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Cars 2006

A hot-shot race-car named Lightning McQueen gets waylaid in Radiator Springs, where he finds the true meaning of friendship and family...

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Imdb rating: 7.3

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I have been to other sites and they seem to not like the movie although it's not even out! I've seen the preview which watching The Incredibles and I couldn't wait to see this movie! I can't wait!!!!!! Woohooo, only a month to go!
The world that Pixar creates in Cars goes beyond the realm of fanatsy and brings you into a life of fast paced racing and the story of Route 66.

This was an excellent movie for both children and adults and will amaze audiences of any background! Working together with the story and the animation, Pixar has done it again.
When you exit the theater after seeing Cars you will not only be overly satisfied, you will also take Rascal Flatts rendition of "Life is a highway" to heart. "Life is a highway, I want to ride it all day".

The forceful strength behind Cars is John Lasseter, who returns to directing for the first time since Toy story 2 in 1999. Throughout the past seven years, along with guiding Cars through the production process, Lasseter has produced and overseen all of Pixars endeavors (Monsters Inc, Finding Nemo, and The Incredibles). According to lasseter "I have always loved cars. In one vein I have Disney blood, and in the other, there's motor oil". After taking moviegoers magically into the realm of toys, bugs, monsters, fish and superheroes, the masterful storytellers and technical geniuses at Pixar Animation Studios and Academy Award winning director John Lasseter hit the road with a high-speed comedy adventure set inside the world of cars.

Lightning McQueen (voiced by Owen Wilson) a hotshot rookie racecar ambitious to make it discovers that life is about the journey, not the finish line, when he finds himself unexpectedly in the sleepy Route 66 town of Radiator Springs. McQueen gets to know the town's interesting characters including Sally (voiced by Bonnie Hunt), a sexy Porsche sporting a "pinstripe tattoo". There is also Doc Hudson (voiced by Paul Newman), a 1951 Hudson Hornet, who happens to be the judge of the town with a mystifying past. Last, there is Mater (voiced by Larry the Cable Guy), a rusted tow truck who helps McQueen realize that there are more significant things than fame.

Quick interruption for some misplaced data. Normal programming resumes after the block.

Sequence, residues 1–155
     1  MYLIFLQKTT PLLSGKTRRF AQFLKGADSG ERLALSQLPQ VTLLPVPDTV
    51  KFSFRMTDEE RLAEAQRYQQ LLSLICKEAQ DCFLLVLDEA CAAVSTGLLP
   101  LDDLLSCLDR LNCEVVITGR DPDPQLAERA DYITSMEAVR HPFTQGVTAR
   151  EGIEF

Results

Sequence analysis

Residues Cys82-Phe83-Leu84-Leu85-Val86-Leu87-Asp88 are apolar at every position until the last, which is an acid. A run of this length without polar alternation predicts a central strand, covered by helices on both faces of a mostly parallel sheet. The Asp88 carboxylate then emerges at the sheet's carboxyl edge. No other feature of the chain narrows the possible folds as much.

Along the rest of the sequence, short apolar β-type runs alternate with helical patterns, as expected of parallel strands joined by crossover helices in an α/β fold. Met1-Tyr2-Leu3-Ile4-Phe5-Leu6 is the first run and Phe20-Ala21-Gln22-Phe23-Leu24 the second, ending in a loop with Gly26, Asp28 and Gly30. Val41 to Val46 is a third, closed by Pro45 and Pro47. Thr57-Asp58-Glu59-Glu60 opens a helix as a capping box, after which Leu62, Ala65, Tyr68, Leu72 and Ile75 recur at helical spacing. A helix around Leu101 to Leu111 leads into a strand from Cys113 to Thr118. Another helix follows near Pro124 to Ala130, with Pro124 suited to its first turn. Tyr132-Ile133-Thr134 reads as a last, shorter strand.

Lasseter's command to have the car characters look as real as possible posed some overwhelming new challenges for Pixar's technical team. With a film where the characters are metallic and lustrous meant coming up with resourceful ways to precisely show reflection. Cars is the first Pixar film to use "ray tracing", a technique that allows the Cars stars to credibly reflect their environments. The addition of reflections in practically every shot of the film added tremendous time to the project. The average time per frame for the film Cars was 17 hours.

There are many pop culture references in Cars that are more than entertaining (the Jay Limo Show). It is extremely humorous to watch the cars roll like Cadillac's and sting like Beamers or watch the cars go tractor tipping.

Giving something like automobiles human like features is always fun to watch along with the intricate design, just as it was and still will be fun to watch toys, bugs, monsters, and fish have human like features. Cars was extremely entertaining and Pixar is definitely not letting anyone down this time. Everyone go see Cars

Great for all ages. Fun movie. Another Pixar/Disney hit.
As I was walking out of the movie theater after seeing Cars with a friend of mine, the subject turned to the inevitable comparison between the film we'd just seen and previous Pixar efforts. I hadn't seen Monsters, Inc. or Finding Nemo, but I liked the Toy Story films and A Bug's Life quite a bit, and found Cars suffering next to them, but the equation seemed to be missing a film. It actually took a couple minutes before we came up with The Incredibles, released a couple years ago, and which I did see and loved. I'd forgot about The Incredibles because it had been relegated into my memory as simply "a great movie" rather than "a great computer-animated movie," which I'd managed to file the earlier three films as. Not to say the first three were lesser films--A Bug's Life still sucks me in every time I catch it on The Disney Channel--but by the time of The Incredibles, I'd forgotten to be amazed by how cool everything looks and just got suckered into the story itself.

Pixar was the first on the screen with a feature-length computer-generated animated film, and through the years they've built up quite a reputation for themselves as producers of a certain quality of family fare. Sure, they made kid's movies, but they made well-written, witty kid's movies that didn't skimp on interesting characters or clever dialogue. Pixar films are positively classy next to the films of their pop-culture referencing, fart joke-relying, Smashmouth-employing bratty little brother Dreamworks, so a new Pixar film has hefty shoes to fill.